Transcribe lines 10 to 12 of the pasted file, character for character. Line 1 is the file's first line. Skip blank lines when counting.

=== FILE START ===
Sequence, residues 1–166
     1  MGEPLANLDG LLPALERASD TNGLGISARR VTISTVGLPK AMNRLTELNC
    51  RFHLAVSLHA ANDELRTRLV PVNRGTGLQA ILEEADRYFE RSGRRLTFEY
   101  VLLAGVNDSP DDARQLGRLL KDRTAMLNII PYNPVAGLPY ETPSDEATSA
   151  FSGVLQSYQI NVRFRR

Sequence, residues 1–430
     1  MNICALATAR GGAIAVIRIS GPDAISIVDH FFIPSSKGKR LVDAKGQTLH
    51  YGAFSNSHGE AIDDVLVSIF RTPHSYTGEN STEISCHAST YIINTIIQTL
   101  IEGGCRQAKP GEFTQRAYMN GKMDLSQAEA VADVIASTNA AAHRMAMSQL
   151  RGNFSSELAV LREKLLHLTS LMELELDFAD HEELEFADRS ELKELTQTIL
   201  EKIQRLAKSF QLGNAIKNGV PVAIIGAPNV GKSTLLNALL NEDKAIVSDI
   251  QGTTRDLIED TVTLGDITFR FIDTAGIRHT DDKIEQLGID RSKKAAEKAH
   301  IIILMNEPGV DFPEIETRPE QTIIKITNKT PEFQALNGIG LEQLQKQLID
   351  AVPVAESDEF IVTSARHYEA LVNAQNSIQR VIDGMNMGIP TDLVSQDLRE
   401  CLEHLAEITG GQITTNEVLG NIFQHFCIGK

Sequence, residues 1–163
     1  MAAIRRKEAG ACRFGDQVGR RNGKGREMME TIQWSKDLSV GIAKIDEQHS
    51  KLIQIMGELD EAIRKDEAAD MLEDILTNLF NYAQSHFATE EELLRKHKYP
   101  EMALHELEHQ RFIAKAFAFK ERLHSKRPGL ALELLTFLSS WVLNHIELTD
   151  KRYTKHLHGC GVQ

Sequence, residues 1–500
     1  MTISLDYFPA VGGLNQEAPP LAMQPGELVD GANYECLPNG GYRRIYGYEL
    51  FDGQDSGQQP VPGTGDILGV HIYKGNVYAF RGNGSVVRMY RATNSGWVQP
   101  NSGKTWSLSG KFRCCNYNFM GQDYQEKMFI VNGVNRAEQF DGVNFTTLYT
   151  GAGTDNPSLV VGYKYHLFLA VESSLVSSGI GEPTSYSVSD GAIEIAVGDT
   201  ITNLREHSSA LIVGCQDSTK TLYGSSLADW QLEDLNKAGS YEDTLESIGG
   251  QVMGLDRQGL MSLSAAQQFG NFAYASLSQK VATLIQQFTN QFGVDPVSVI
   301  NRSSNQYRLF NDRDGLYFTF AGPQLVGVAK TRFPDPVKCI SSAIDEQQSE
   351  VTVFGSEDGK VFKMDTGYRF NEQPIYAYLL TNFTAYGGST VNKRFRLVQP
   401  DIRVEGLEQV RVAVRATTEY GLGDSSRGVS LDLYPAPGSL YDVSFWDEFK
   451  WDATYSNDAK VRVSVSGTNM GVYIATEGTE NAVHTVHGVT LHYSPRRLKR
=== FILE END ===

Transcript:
   151  RGNFSSELAV LREKLLHLTS LMELELDFAD HEELEFADRS ELKELTQTIL
   201  EKIQRLAKSF QLGNAIKNGV PVAIIGAPNV GKSTLLNALL NEDKAIVSDI
   251  QGTTRDLIED TVTLGDITFR FIDTAGIRHT DDKIEQLGID RSKKAAEKAH